• surgery: is a physical stress on the system and an emotional stress on the body, both of which trigger flares. Also, surgery can introduce medications (like antibiotics or anesthetics) not taken before, which can trigger a lupus flare. A cortisone injection (intravenous or intramuscular) is sometimes given.
  • viruses cause trigger lupus flares because they are a kind of infection and exposure to any infection causes the immune system to work ‘overtime.’

Wouldn’t it be great to be able to prevent flares, but knowing what can cause flares and how flares are triggered, gives some ideas as to how they can be managed. We’ll address that in another post.

 

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Triggers and how they cause flares

First, this is a recap of previously agreed upon flare triggers:

Do you notice a trend; I do! I see that anything that places a stress on your system and requires that your body physically or emotionally adjust to a new set of circumstances has the potential to cause a flare of your symptoms.

So, how can each of the above triggers, throw you into a flare of your symptoms?  All of them put a physical or emotional stress on your system, but there are additional ways worth mentioning

  • not enough rest: Sleep deprivation is harmful to the immune system HOW? T cells are decreased when we get too little rest and when T cells are decreased or are decreasing, the body has a harder time fighting infection.
  • pregnancy places a stress on the body and if women become pregnant 6-8 months after symptoms become quiescent, they’re are less likely to develop a lupus flare during pregnancy. This means they need to plan pregnancies
  • when lupus patients have infections, they are likely to be started on medications. If you remember, STARTING a medication is an adjustment the body needs to make and rapidly starting a medication can trigger a flare
  • when people are overworked, they get too little sleep which can worsen their symptoms
  • emotional stress often causes us not to be able to sleep, to lie awake thrashing. When we don’t get enough sleep, T cells of the immune system have a harder time fighting infection.
  • ultraviolet light can trigger a flare Normally, an intact immune system rids us of aging or dying skin cells. Because sunburn can cause cell death and enough sunburn can cause enough inflammation so that more than ‘a simple’ sunburn results. UV rays can cause enough inflammation so that not just the skin, but the joints, muscles and internal organs are affected. FLARE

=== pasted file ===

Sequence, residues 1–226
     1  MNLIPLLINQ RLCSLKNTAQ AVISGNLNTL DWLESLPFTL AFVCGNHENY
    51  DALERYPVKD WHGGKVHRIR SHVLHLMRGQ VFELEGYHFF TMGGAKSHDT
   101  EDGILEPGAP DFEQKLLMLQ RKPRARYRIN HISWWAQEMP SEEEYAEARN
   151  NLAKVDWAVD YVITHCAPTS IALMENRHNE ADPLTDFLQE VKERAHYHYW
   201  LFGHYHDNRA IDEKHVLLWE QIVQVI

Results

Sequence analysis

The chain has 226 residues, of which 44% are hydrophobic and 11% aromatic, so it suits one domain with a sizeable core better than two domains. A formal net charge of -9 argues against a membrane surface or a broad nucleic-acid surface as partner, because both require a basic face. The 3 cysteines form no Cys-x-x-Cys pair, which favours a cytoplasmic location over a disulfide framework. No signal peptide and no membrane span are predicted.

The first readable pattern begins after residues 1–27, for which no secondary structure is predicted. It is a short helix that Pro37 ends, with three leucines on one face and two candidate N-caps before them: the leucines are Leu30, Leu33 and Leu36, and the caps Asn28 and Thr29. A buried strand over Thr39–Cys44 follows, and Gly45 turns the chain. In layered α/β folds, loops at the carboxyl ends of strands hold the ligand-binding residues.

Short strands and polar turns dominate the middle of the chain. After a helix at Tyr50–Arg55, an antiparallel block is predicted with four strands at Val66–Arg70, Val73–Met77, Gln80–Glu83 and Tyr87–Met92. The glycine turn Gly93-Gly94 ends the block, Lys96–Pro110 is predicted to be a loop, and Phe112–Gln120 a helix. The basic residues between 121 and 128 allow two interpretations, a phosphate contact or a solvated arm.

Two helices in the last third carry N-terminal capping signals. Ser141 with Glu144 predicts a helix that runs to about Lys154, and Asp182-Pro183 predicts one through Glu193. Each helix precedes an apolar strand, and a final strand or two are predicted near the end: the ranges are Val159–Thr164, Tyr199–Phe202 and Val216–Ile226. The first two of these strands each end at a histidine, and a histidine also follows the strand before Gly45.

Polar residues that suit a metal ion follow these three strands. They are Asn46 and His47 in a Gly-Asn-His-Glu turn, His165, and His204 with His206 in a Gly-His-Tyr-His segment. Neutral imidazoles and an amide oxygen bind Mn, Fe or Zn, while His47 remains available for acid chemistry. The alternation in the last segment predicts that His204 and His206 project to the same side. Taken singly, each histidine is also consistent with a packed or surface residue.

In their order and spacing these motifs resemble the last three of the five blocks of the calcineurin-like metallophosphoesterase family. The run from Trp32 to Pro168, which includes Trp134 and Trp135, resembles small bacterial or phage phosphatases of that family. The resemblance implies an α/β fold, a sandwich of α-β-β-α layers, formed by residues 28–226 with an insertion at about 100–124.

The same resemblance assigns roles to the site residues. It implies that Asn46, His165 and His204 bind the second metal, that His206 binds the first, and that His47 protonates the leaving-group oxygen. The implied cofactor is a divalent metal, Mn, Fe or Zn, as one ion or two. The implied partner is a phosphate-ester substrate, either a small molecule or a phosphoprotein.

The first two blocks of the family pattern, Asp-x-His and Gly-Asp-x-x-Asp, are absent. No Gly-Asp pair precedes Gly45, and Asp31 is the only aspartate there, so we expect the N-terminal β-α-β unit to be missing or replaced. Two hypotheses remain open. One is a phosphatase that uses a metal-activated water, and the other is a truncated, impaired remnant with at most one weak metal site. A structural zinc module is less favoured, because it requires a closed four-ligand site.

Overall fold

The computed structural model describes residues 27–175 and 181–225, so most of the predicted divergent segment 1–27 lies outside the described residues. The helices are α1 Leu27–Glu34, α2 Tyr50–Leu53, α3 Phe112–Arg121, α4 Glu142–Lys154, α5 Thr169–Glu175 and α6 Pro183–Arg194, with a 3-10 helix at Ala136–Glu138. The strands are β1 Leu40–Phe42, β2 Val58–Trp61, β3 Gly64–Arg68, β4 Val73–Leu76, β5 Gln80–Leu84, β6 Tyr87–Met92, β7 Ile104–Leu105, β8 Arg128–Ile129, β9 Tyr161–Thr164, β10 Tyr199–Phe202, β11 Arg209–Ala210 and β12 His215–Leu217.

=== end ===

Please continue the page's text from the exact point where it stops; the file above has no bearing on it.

• surgery: is a physical stress on the system and an emotional stress on the body, both of which trigger flares. Also, surgery can introduce medications (like antibiotics or anesthetics) not taken before, which can trigger a lupus flare. A cortisone injection (intravenous or intramuscular) is sometimes given.
  • viruses cause trigger lupus flares because they are a kind of infection and exposure to any infection causes the immune system to work ‘overtime.’

Wouldn’t it be great to be able to prevent flares, but knowing what can cause flares and how flares are triggered, gives some ideas as to how they can be managed. We’ll address that in another post.

 

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Those evil flares

The title is a pretty short question which begs a pretty short answer. But, that begs the question, WHAT IS A FLARE? A flare is an exacerbation of the lupus symptoms that are normally experienced. But it is important to remember that what causes a flare of my symptoms may be completely different than what causes your flares.

Lupus symptoms can wax and wane, come and go: or be quiescent. Physicians are hesitant to use the term, “in remission,” because the term can connote that lupus is a CURABLE disease which it is not.

Flares might be triggered by one or MORE of the situations that we encounter in everyday life. Some common ones, in no particular order, are:

Researchers and practioners tend to agree that these are bonafide triggers of a flare. But again, it needs to be remembered that what triggers my flares may be, and likely is, different than the cause of yours. In another post we’ll talk about how each of these can cause a flare.

 

 

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Some symptoms of lupus and their causes

Lupus causes many symptoms, but here are a few. Again, this list isn’t all-inclusive. How can you figure out what causes a symptom? Often all you need to do is consider the powerful inflammatory action that lupus causes, or the ending ‘itis:’ inflammation

  • The malar rash (butterfly rash) is often the first thing that comes to mind when talking of the symptoms of lupus; but not everyone with lupus gets it. When the immune system mounts it attack on the skin (cutaneous lupus), the attack is either acute or chronic. If the attack is acute, (acute meaning it comes rapidly and ‘goes’ rapidly), you might see the classic “butterfly” rash. It is often referred to by doctors as ‘malar’ because of the location on the face where it occupies. Many also refer to it as the “butterfly rash” because it’s redness involves the bridge of the nose and the cheekbones, looking like the the body and wings of a butterfly.
  • fatigue: The precise cause of lupus-related fatigue isn’t known, but disease activity, pain, age, and medicines can contribute to fatigue caused by lupus. Lupus compromises your sleep and too little sleep or poor-quality sleep can result in flares of your symptoms. During these flares, you’re likely to be depressed that there is more pain and other symptoms seem worse. 
  • chest pain. The lung is lined by a membrane, the pleura. Inflammation of the pleura results in the pleura rubbing rubbing up against the lung causing pain. This pain is usually a pain on inspiration (when you breathe in), a pain which may mimic the chest pain of a heart attack. This pain should never be taken lightly and should be reported to your doctor immediately. Most people who have/or had lupus, have had an instance of this inflammation.
  • If the membrane surrounding and protecting the heart (pericardium) becomes inflamed, pericarditis can result. Symptoms of pericarditis often resemble those of a heart attack because there may be sharp, stabbing pain as the heart rubs agains the pericardium. There can also be a fast heart rate or a dry cough or shortness of breath. This should not be ignored.